he read me the article from "The Washington Post."

CLINTON: Does that make it true?

BROWN: I was shocked by it. I was shocked by it because I don`t
think someone in government should be funding money to his wife`s law firm.


KORNACKI: It`s just a small taste of what that campaign was like.
When that `92 campaign was over, Jerry Brown really was a political pariah.

The media thought he was an unhinged madman. Bill Clinton, now
President Bill Clinton, he wasn`t about to throw him any life lines. Jerry
Brown was all alone. He was done. He was finished.

All of the potential from the spring of 1976, this is where he was
going to end up.

Now, flash forward to 2010, two decades later. He found a way to
crawl back to at least a little bit of relevance in the 1990s. He turned
60 and he started all over again, at the bottom of the ladder, became the
mayor of Oakland, California. He did that job for eight years and then got
himself elected attorney general in 2006.

Then, the governor`s office opened up in 2010 and he ran for that and
he won the Democratic nomination.

He found himself in a dogfight in the general election. He needed
some help. He needed a late boost. So, with his comeback on the line,
Jerry Brown seemed turned to that same guy he had relentlessly savaged back
in 1992.


BROWN: President Clinton -- now, he was great in office, he`s great
after office. He didn`t retire to Palm Springs to play golf. He is out
there doing stuff. He`s helping people in Haiti, he`s fighting AIDS, he`s
dealing with the victims of tsunamis.

He is a guy who is mobilizing the highest spirit, the angels of our
better spirits. He is doing it. And that`s the spirit I would like to
bring to California.


KORNACKI: I have to tell you, that is what I love about politics,
scenes like that, with all that rich, complicated history, just beneath the

Anyway, Brown won that governor`s race and he was back at the age of
72. He was back in the governor`s office of the country`s biggest state
all over again.

And since that time, it has gone pretty well for Jerry Brown. His
popularity is high. His re-election prospects are bright.

For the first time in California history, Democrats have a super
majority in the state legislature. Jerry Brown has a mandate in California
and he is using it. One of the things he is using it to do is to make sure
the health care law works in his state, to show the most populous state, a
state of 38 million people, can actually make the Affordable Care Act work.

Implementing Obamacare is one of the reasons Jerry Brown is seen as a
successful governor right now, why he is suddenly attracting national
attention again, just like he did all those decades ago.

Implementing Obamacare successfully is one of the reasons that there
are actually people and I can`t quite believe I get to say this, but it`s
true. There are actually some people in politics who are touting him as a
perspective presidential candidate for 2016. That is what being a
successful governor, what making Obamacare work has done for a man who had
fallen to the bottom of American politics.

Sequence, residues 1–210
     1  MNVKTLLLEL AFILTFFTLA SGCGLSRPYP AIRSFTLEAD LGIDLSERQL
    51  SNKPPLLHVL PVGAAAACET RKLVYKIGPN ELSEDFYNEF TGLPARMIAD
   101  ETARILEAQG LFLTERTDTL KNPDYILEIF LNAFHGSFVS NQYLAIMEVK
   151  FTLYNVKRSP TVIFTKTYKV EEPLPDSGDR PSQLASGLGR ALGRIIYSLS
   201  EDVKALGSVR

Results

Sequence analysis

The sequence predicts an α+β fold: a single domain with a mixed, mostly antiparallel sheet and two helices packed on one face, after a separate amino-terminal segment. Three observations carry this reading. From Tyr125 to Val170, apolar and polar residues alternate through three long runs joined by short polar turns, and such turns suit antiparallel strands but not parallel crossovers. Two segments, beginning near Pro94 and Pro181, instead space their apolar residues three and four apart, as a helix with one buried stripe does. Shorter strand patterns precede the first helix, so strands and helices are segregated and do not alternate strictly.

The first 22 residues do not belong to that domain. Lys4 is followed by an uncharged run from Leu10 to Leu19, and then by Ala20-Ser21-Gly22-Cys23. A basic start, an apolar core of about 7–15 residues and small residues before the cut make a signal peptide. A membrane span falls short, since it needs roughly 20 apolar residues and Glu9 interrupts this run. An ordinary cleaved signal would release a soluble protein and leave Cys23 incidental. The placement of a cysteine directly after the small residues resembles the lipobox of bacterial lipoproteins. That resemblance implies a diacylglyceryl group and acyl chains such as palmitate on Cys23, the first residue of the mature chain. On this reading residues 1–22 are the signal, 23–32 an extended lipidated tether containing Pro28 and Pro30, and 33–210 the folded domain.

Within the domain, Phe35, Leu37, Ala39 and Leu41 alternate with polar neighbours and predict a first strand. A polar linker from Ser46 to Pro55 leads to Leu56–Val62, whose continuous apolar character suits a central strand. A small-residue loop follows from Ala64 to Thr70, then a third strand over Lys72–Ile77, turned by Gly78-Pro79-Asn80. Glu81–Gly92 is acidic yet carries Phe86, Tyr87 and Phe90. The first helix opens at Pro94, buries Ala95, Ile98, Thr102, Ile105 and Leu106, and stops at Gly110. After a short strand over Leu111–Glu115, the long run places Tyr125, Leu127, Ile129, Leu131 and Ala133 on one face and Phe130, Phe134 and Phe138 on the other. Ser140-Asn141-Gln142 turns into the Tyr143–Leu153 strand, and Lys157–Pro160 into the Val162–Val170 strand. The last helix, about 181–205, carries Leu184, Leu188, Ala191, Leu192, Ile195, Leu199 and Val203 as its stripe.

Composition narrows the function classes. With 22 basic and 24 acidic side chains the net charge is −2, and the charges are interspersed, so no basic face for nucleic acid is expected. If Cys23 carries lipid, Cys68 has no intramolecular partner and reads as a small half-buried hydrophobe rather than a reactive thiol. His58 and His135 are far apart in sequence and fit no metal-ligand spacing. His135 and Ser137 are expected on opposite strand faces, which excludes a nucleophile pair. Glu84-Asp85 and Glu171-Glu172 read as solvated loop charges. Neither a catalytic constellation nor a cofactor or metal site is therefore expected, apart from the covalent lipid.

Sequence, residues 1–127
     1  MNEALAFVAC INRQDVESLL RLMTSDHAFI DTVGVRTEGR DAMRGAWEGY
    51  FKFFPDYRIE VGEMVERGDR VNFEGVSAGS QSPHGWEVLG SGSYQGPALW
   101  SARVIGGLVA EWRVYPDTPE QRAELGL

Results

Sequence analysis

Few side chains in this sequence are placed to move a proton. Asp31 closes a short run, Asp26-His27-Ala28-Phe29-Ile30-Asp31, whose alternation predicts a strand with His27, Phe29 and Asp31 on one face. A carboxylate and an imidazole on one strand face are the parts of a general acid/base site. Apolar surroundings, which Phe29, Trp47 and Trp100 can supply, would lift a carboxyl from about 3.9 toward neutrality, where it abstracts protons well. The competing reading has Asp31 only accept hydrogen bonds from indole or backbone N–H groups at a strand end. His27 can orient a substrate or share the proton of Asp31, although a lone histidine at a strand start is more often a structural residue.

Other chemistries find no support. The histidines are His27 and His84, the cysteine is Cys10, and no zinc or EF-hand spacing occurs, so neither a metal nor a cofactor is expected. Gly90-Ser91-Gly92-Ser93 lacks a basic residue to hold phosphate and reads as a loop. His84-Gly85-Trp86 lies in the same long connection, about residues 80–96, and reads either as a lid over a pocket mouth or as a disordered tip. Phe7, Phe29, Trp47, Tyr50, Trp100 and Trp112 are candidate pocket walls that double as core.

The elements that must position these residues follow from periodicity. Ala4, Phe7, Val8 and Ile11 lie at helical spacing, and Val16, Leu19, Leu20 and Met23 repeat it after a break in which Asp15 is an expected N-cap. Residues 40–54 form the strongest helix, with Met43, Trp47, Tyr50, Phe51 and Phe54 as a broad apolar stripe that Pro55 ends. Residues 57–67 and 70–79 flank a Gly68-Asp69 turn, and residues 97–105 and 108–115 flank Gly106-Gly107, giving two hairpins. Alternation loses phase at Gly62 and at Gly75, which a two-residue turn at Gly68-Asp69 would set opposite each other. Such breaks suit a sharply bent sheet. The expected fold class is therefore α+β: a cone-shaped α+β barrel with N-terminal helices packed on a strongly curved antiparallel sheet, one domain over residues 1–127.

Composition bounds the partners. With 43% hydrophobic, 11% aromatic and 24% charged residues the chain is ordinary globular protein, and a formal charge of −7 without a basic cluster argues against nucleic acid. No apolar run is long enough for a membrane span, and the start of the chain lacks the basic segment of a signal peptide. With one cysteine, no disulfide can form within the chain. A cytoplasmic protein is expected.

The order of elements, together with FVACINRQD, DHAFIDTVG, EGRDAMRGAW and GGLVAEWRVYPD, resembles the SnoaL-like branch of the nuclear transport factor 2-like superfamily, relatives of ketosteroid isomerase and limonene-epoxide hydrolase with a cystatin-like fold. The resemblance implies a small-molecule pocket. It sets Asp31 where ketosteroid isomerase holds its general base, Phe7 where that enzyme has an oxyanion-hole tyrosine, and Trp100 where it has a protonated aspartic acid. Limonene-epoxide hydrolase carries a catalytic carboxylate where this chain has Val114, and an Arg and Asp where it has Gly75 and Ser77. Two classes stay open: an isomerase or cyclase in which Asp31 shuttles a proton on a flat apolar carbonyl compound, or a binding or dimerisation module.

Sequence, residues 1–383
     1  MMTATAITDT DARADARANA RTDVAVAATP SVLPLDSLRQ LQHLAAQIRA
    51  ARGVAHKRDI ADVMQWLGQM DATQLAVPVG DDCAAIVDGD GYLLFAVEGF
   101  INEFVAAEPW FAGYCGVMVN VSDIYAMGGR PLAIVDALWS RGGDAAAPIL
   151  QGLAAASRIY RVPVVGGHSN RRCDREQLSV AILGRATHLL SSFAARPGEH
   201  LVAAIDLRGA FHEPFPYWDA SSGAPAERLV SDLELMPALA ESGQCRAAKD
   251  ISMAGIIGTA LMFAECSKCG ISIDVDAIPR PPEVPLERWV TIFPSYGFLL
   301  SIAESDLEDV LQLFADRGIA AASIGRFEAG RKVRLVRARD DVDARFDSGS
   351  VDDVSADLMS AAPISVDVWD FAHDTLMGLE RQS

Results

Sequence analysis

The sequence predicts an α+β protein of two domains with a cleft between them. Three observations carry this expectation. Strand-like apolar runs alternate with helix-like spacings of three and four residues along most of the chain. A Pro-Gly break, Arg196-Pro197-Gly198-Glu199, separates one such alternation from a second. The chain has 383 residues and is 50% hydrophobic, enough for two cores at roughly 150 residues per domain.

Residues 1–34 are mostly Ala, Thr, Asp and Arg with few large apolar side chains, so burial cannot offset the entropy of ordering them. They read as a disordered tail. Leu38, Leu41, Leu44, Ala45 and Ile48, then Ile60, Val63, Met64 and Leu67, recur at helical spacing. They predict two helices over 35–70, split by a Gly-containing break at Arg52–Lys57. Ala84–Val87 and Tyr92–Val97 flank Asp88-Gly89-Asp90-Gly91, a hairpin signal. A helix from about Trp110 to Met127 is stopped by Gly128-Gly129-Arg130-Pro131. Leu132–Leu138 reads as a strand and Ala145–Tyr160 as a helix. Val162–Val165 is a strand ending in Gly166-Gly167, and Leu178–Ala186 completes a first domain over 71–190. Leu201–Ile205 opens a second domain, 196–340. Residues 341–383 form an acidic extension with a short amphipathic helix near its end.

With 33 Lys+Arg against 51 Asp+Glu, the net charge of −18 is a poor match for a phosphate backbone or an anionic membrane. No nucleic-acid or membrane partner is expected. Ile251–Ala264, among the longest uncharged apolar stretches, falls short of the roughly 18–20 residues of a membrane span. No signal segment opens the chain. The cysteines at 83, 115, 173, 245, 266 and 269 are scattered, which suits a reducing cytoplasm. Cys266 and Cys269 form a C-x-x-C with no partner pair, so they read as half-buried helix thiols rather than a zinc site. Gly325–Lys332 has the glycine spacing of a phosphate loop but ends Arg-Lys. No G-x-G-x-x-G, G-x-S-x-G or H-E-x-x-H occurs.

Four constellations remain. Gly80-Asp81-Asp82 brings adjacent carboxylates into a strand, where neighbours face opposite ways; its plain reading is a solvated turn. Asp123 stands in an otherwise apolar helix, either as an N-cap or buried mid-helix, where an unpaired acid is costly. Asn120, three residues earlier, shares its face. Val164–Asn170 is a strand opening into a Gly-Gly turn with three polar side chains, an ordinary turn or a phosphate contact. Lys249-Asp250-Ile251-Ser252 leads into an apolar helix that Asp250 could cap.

In the Washington that President Obama returned to yesterday, the news
for Democrats seems grim. Look at these headlines, "Democrats lose 2014
edge following Obamacare uproar." "Is a Republican way of building?"
Quote, "The national political climate is starting to resemble 2010 when
Republicans won control of the House of Representatives by riding a wave of
voter anger." It`s just from today.

If the midterm election were today, according to the Beltway press,
Democrats would get trounced.

But the election, of course, is not today. The election is a year
from now.

And so, what happens if the health care law ends up working
nationwide, just way it`s working in California. What happens if three or
four or five months from now, health care coverage in the nation looks like
health care coverage in the most populous state in the nation?

The health care law has been a success and helped create another
chapter in presidential buzz all over again in the career of one very
unique politician.

Joining us now is Norm Ornstein. He`s a resident scholar at the
American Enterprise Institute. And he`s also the author of "It`s Even
Worse than It Looks: How The American Constitutional System Collided with a
New Politics of Extremism."

Norm, I really appreciate you taking the time tonight. And I thank
you also in advance for indulging me in my Jerry Brown fascination. I just
-- the idea that somebody who could run for president in 1976 could be
theoretically touted 40 years later I thought endlessly amusing.

But I also wonder if there is a lesson there? If this is sort of a
refreshing message in this season of bad news all around in politics, that
sometimes good policy does make for good politics? That he can implement a
law like this so far successfully in California and get a real political
reward for it.

say. I`m not indulging you. Every time I am on w you, you provide history
and context, which is so rare in modern television. That`s why we all love

KORNACKI: Now, you are flattering me. But I`ll take that too.

ORNSTEIN: But you know, if you look at what`s happening in
California. Jerry Brown is a significant part of that. His wife, too, by